By Mihir Patel
The wind industry is constantly changing and creating new “rules of the road” as we move forward in this ever-evolving business. Not only must wind energy professionals keep up with government regulations, workforce changes, and an influx of new projects; they are also shifting the way they do business in the middle of a worldwide pandemic.
One such challenge that has endured a large shift in the last two to three years has been navigating difficult terrain at project sites. As the industry grows at exponential rates, project developers are getting creative and looking even harder at challenging locations. While some of these project sites may be less than ideal, presenting complex terrain issues and varying atmospheric conditions, they still involve the use of extremely large components being set up on similar footprints as traditional arrangements. The varying terrains, coupled with the setup of enormous turbines on difficult to reach turbine pad sites, pose great challenges to the industry. In an effort to allow wind project developers and companies to execute economic, efficient, and innovative set ups, four best practices have emerged.
Wind projects across the country are planned for sites far less traditional than those of past projects (close to shore lines and flat plains). New locations, including the Northeast, Upper Midwest, and Pacific Northwest, feature hills, mountains, and sharp grades in elevation. Additionally, the increase in component size means greater OEM (Original Equipment Manufacturer) Turbine Civil Specification Requirements are needed on the new project sites; maximum grade allowances and the k-value gets reduced drastically with larger turbine blades based on updated civil specifications. For the most part, blade beam trailers have not changed much since the inception of the first blades - the newer mega blades have a large rear tip overhanging, which raises turbine tip drag concerns on these difficult project sites. Simply getting to these locations can be a challenge, requiring an innovative mixture of services from a transport and logistical mindset that sees beyond an engineering outlook. Creative solutions entail securing custom trailers (which are non-wind specific designs) and unique engineering designs to ensure safe passage of the turbine components, as well as not overbuilding the access roads. For example, a logistics firm has the capability to design and build access roads through dense forests (dealing with DEC requirements around streams) and up ridgelines with over 15 percent grades, while allowing the 3+mw turbine components easy access up to the pad sites.
Off- Road Package
Another important consideration is the type of trailer configuration used for transportation; most OEM’s do not allow delivery vehicles to be pulled or pushed due to the potential for damage. When someone envisions transporting a turbine, they picture a giant trailer pulling a huge wind blade. While this may be the case for an easier transport through the flat plains of Texas, when you are trying to tackle a trip through the Pacific Northwest ridgelines, the trailer can look vastly different. These special configurations consist of blade lifters and heavy-duty steel trailers meant to be pushed and pulled in every direction. The development of an off-road package has allowed trailers to be pushed or towed up grades, and can drastically reduce the civil specifications due to their smaller size.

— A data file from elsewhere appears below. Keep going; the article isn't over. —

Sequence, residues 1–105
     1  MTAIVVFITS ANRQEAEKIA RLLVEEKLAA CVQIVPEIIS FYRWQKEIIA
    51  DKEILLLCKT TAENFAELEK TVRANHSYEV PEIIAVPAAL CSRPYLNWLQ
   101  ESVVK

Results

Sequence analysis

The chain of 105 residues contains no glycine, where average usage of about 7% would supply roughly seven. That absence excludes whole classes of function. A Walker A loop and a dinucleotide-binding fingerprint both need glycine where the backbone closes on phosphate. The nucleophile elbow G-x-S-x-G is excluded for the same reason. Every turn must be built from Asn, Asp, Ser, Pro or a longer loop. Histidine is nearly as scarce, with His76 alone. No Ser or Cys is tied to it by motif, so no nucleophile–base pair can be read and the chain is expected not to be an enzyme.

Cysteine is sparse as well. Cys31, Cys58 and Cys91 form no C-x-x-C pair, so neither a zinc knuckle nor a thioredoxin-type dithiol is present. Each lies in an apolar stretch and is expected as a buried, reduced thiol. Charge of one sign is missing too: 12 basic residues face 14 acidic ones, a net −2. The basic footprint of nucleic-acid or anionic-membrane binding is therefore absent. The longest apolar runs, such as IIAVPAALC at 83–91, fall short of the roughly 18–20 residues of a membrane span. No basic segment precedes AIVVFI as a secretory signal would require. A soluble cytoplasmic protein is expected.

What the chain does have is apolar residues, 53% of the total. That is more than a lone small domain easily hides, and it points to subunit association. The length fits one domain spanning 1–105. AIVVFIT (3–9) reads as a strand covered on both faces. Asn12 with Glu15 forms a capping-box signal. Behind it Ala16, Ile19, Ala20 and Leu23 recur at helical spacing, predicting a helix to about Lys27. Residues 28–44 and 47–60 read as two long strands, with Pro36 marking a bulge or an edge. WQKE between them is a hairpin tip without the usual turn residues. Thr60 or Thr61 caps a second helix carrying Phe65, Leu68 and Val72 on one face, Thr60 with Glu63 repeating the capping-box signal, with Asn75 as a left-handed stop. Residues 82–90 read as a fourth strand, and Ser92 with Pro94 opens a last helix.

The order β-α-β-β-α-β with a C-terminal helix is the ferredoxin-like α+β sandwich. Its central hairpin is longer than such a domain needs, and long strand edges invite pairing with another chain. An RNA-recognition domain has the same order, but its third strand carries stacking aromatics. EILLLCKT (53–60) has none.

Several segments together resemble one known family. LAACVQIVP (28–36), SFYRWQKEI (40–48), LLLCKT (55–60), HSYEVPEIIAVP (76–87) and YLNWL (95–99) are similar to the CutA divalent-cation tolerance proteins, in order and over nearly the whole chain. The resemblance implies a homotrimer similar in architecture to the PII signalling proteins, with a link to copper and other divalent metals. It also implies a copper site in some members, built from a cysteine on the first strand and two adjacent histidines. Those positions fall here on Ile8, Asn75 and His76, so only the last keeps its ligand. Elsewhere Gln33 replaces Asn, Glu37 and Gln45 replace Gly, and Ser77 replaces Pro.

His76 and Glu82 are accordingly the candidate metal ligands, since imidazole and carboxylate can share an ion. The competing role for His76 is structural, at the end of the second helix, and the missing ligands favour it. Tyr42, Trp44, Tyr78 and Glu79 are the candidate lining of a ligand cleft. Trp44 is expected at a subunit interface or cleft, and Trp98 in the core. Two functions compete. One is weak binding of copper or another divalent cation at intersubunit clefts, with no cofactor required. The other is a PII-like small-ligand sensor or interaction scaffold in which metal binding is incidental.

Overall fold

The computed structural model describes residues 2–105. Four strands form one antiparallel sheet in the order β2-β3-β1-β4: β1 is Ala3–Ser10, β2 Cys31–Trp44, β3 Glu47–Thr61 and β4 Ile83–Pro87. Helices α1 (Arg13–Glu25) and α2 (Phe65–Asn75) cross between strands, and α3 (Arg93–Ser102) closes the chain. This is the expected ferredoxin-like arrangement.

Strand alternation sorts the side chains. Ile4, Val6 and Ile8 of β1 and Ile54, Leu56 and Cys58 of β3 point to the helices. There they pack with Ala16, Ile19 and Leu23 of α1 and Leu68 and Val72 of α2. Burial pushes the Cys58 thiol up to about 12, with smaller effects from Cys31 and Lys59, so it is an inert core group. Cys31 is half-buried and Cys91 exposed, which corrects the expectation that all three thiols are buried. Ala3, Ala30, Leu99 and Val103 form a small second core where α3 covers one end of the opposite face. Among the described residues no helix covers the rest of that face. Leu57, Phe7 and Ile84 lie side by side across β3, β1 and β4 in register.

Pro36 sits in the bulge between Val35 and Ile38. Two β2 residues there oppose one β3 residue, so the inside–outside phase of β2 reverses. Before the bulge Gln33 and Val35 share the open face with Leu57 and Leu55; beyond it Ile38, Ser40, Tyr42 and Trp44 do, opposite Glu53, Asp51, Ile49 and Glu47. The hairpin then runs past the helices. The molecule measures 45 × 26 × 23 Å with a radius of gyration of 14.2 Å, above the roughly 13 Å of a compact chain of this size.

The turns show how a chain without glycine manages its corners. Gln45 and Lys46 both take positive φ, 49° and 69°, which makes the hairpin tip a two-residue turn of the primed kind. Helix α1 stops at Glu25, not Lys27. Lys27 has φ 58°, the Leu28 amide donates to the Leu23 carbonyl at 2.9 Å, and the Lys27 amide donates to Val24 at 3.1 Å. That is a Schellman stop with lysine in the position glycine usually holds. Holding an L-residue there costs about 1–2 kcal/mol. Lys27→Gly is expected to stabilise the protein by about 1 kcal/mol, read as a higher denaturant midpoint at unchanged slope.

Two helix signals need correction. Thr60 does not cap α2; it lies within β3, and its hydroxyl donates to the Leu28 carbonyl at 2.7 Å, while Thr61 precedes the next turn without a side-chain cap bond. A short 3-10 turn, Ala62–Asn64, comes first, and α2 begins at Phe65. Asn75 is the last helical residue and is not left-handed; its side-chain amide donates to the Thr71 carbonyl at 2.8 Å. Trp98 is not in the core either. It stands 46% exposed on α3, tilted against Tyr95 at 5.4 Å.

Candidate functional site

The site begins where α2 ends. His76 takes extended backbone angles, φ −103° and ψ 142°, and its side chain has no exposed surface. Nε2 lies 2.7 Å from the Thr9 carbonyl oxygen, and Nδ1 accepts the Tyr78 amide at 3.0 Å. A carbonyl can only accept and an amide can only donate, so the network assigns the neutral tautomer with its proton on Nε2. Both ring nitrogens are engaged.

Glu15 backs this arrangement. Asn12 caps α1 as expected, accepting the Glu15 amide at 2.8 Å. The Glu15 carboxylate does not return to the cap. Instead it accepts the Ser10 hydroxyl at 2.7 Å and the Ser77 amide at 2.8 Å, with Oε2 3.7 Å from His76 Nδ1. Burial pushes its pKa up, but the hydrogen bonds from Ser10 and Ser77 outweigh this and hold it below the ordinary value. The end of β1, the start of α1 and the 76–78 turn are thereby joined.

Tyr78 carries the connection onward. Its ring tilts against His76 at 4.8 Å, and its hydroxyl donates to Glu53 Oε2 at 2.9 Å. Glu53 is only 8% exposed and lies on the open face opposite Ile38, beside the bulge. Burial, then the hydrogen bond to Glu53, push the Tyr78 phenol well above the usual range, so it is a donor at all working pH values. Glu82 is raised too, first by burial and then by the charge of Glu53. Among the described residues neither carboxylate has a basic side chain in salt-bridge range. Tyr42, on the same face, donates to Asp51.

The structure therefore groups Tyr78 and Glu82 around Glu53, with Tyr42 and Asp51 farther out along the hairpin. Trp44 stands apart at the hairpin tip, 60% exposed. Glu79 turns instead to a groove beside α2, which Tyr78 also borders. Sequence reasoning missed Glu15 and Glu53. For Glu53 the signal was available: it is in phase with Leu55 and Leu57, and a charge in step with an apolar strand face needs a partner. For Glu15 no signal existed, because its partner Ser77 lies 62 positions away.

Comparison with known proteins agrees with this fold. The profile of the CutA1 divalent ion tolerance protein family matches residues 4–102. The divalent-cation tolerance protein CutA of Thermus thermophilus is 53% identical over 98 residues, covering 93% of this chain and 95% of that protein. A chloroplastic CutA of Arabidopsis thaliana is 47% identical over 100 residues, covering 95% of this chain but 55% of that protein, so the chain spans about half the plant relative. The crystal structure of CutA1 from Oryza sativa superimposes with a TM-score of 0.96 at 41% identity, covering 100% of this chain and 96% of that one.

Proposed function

The movement of a giant turbine is no easy feat. It requires months of planning and execution. When looking at the transportation plan, it’s important to challenge what the trailer holding the turbine can do, versus what the OEM specifications are requesting. OEM’s build their specifications around ALL trailer combinations that they might utilize to deliver to ANY project site regardless of terrain. Why build a site in New York like you would build in Iowa? Project firms will hone in on the geographical location and source to a particular trailer set up, allowing reduction in the civil requirement and, ultimately, saving civil build-out costs.
On-Site Delivery Lay Down
One final best practice to utilize when citing wind projects on challenging terrain is a service model called “on-site delivery laydown”. This service delivers the components at the bottom of the hill. While it is a larger upfront cost verses a typical OEM direct-to-pad-site model, it usually results in a cost savings when taking into consideration a ‘Just in Time’ delivery to pad (in terms of crane and truck demurrage). Site design data has proven that this method of delivery assists projects developers in their proposal to lenders.
As developers race to set up new wind energy sites all across the United States, they must consider the various terrain of newly identified regions. Once the site is chosen and the decision is made to move forward with the investment, it is time to plan out the transportation of the massive components to these difficult to reach locations. Thinking outside of the box and being innovative in the approach of delivering the components is key to a successful project that not only meets budget requirements, but does it efficiently and safely.
Mihir Patel is Partner and Vice President of Government Affairs and Planning at Logisticus Group, headquartered in Greenville, South Carolina. Logisticus Group is a transportation logistics, engineering, project management and technology company. You can reach Mihir at email@example.com.